How to avoid IR35 traps

Dave Chaplin, CEO and founder of Contractor Calculator, a leading website for freelancers and contractors, offers his top 10 IR35 traps to avoid as a contractor.

Older workers, experience

 

IR35 is tax legislation specifically targeted at limited company contractors, which is aimed at countering tax avoidance. If caught by IR35 you could lose out on thousands of pounds worth of income every year to the taxman. So, if you are working as a contractor how can you avoid falling foul of the rules, and ultimately IR35 investigation? Dave Chaplin, CEO and founder of Contractor Calculator, a leading website for freelancers and contractors offers his top 10 IR35 traps to avoid as a contractor.

Controlling your workload

In IR35 cases “control” has become key in determining ‘disguised employment’. You need to avoid any suggestion that your client controls you. Make sure that you only carry out the job you were hired to do, and the tasks detailed in your contract. Don’t ever let your client move you from task to task or instruct you how to complete your work.

Providing substitutes

The power to provide the client with a suitably qualified substitute is a clear indicator that you are not employed by your client and will keep you outside IR35. Aim to include a right of substitution clause in your contract or, even better, actually sending a substitute during the contract, will send a clear message to HMRC that you are, in fact, a true contractor.

Not being personally named in your contract

Ensure that you are not personally named in the contract, nor in any correspondence relating to it, as this could fall inside IR35 – the implication being you are providing your services under an employment ‘contract of service’. The contract should be with your contractor limited company, proving you are providing ‘contract for services’ as a business-to-business service provider.

Only do the tasks agreed in the contract

Taking on any work that the client offers, and not just the tasks agreed in the contract, suggests that your client is obliged to offer you work and you are obliged to take it. 

This is called ‘mutuality of obligation’, and is a strong indicator of employment. Only complete work agreed in the contract and, if alternative work is offered, either refuse to do it or get a fresh contract or contract addendum issued. Strictly avoid termination notice periods that require the client to give you work for that period.

Appraisals

Never conduct appraisals don’t allow yourself to be appraised – that’s what happens to employees, not contractors.HMRC is likely to infer that you are not in business on your own account and are, in fact, a ’disguised employee’ and therefore inside IR35.

Holidays and time off

As a contractor you should be careful about how you manage time off. Letting your clients know you are not available is professional, and means that they can plan for your absence.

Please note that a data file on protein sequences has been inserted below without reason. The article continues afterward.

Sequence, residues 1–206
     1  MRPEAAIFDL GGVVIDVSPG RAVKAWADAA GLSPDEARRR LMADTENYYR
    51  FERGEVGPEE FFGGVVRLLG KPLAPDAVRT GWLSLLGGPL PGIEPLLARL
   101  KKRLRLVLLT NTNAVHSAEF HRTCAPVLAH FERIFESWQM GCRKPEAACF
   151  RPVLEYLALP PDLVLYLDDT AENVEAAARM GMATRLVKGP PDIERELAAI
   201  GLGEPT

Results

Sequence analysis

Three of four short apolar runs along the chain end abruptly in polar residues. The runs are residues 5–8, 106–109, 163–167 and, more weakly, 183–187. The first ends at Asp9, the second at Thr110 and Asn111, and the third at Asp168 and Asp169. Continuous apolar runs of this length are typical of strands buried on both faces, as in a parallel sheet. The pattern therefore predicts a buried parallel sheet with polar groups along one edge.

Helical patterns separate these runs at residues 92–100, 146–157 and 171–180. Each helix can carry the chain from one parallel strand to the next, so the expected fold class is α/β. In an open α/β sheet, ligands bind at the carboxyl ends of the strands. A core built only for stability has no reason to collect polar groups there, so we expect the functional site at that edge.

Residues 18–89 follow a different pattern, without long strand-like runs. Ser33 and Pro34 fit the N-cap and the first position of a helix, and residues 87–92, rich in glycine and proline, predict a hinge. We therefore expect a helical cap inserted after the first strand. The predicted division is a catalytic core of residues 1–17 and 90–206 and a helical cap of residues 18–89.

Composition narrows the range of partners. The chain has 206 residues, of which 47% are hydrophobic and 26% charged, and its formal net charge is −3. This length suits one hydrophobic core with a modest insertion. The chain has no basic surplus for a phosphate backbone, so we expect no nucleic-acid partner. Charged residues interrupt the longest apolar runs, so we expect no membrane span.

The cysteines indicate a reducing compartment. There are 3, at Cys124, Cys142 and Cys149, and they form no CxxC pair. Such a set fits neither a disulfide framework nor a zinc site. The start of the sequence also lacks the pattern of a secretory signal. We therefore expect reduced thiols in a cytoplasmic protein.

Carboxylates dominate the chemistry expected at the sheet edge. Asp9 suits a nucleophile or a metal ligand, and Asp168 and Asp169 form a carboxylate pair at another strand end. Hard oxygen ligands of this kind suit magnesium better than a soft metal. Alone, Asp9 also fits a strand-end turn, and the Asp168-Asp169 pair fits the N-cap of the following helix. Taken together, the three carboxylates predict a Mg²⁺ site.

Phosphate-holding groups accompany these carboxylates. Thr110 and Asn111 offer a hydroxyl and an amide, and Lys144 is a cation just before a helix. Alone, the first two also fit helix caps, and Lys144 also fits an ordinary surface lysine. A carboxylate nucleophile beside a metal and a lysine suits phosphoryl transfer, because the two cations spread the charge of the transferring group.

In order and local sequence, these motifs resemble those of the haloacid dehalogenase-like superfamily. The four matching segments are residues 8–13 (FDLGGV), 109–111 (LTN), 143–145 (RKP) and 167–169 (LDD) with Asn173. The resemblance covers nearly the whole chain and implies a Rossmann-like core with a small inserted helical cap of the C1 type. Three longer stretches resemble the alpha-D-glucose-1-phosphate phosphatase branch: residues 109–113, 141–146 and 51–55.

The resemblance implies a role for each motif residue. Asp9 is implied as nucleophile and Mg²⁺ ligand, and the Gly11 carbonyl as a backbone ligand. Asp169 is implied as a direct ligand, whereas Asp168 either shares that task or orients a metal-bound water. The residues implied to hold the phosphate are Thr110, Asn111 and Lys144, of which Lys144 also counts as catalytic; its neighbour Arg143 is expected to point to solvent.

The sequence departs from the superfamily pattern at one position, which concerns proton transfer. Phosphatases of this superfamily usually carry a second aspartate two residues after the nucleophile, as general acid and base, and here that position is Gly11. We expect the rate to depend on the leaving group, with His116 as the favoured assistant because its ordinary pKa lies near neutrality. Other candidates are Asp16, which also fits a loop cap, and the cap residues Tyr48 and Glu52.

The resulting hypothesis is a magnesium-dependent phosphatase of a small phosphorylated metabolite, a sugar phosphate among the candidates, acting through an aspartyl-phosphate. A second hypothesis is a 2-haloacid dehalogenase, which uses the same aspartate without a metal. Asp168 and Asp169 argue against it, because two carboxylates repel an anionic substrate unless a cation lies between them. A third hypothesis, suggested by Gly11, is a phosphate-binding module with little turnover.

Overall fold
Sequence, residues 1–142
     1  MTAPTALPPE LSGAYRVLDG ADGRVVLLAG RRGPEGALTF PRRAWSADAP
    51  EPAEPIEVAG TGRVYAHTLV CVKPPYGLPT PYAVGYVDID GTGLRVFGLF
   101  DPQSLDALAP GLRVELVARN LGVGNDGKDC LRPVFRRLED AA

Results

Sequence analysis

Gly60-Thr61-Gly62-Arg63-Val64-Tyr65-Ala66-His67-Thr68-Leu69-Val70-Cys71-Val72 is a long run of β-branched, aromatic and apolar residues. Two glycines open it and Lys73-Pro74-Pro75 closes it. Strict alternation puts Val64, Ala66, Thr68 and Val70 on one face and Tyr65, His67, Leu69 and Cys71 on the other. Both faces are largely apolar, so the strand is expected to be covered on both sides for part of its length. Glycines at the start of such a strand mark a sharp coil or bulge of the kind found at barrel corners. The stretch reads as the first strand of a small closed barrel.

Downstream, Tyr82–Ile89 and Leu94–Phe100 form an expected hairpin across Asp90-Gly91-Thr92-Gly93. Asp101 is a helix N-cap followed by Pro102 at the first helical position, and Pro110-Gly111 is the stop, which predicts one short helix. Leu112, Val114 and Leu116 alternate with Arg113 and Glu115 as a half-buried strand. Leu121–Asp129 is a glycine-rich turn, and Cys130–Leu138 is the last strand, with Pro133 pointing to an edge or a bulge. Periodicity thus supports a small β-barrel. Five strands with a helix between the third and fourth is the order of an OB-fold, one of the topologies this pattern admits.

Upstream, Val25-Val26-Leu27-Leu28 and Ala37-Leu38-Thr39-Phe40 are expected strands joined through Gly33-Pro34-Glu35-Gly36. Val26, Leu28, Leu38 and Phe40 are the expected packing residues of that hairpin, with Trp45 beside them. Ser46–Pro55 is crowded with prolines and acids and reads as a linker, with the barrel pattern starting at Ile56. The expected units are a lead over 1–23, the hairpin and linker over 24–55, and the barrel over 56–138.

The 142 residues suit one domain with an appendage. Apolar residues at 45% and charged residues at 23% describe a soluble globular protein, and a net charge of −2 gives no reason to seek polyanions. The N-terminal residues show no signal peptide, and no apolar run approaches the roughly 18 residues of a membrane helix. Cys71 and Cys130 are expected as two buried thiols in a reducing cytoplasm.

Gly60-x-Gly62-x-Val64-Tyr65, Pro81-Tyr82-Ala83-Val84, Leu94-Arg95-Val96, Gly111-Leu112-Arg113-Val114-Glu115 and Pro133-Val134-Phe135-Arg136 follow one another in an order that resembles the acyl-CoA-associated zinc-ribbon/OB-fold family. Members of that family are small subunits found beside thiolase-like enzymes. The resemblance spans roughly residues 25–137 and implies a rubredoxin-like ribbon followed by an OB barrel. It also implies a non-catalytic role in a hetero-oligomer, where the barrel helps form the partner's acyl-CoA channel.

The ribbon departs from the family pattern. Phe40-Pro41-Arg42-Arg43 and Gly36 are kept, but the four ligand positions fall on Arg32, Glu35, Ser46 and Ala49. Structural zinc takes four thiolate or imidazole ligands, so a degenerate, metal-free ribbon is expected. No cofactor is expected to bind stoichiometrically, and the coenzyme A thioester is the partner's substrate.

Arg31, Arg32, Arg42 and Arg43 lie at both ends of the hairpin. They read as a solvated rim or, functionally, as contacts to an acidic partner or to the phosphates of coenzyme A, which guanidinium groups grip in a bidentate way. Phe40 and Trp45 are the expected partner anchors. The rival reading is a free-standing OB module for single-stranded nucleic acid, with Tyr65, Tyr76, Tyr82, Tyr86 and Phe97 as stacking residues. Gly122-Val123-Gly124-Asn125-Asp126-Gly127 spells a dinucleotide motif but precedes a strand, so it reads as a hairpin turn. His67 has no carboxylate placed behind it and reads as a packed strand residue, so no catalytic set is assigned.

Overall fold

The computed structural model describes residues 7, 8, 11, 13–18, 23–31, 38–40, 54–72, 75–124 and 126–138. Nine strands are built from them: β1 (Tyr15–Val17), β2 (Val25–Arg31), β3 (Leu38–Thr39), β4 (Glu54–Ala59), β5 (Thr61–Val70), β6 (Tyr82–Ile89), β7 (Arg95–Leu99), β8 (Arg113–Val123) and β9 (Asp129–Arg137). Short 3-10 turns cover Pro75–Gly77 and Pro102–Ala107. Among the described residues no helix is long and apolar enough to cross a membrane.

However, if you ask permission to take time off or if you are paid holiday or sick pay then it suggests that you are being controlled by the client and receiving employee benefits.

Organisational structure & systems

If you are named on your client’s organisational chart or have security/network log-ins and/or a client email address and business cards then they could suggest you are part of the client’s business, and therefore inside IR35. 

Whilst it is sometimes a necessity due to logistical reasons, it should be avoided where possible.

Exclusivity

Your contract prohibits you from working for other clients

If your client insists that your contract prohibits you working for other clients at the same time as them, this suggests that you are not in business on your own account. Get your legal adviser to negotiate out any clauses restricting your business in this way. 

The only exception is when your client insists you cannot work for any of their competitors for a given time – this is a common feature in business-to-business contracts for services.

Paying for training

If you allow your client to pay for training, this suggests that you are a part of their workforce and therefore a disguised employee. Your limited company should pay for all of your training and development.

Using staff facilities

Avoid becoming ‘part and parcel’ of their client’s organisation. Don’t use staff facilities like subsidised canteens or gyms, staff parking or even staff entrances. 

It might be inconvenient, but make sure you use the visitor’s car park, that you sign in every day, just like a visiting contractor would be expected to, and never, ever organise the Christmas party!

*Dave Chaplin is CEO and founder of Contractor Calculator, an online resource for freelancers and contractors. He is also the author of Beat IR35: The ultimate guide to IR35 for contractors, agencies and clients available here. The book provides readers with all the expert knowledge they need to stay compliant, reduce tax risk, avoid punitive IR35 taxes and successfully combat any HMRC investigation.

 



Post a comment

Your email address will not be published.

Latest Franchise Opportunities

Your Franchise Selection

Click the button below to register your interest with all the franchises in your selection

Request FREE Information Now

Your Franchise Selection

This franchise opportunity has been added to your franchise selection

image

title

Click the button below to register your interest with all the franchises in your selection

Request FREE Information Now


You may be interested in these similar franchises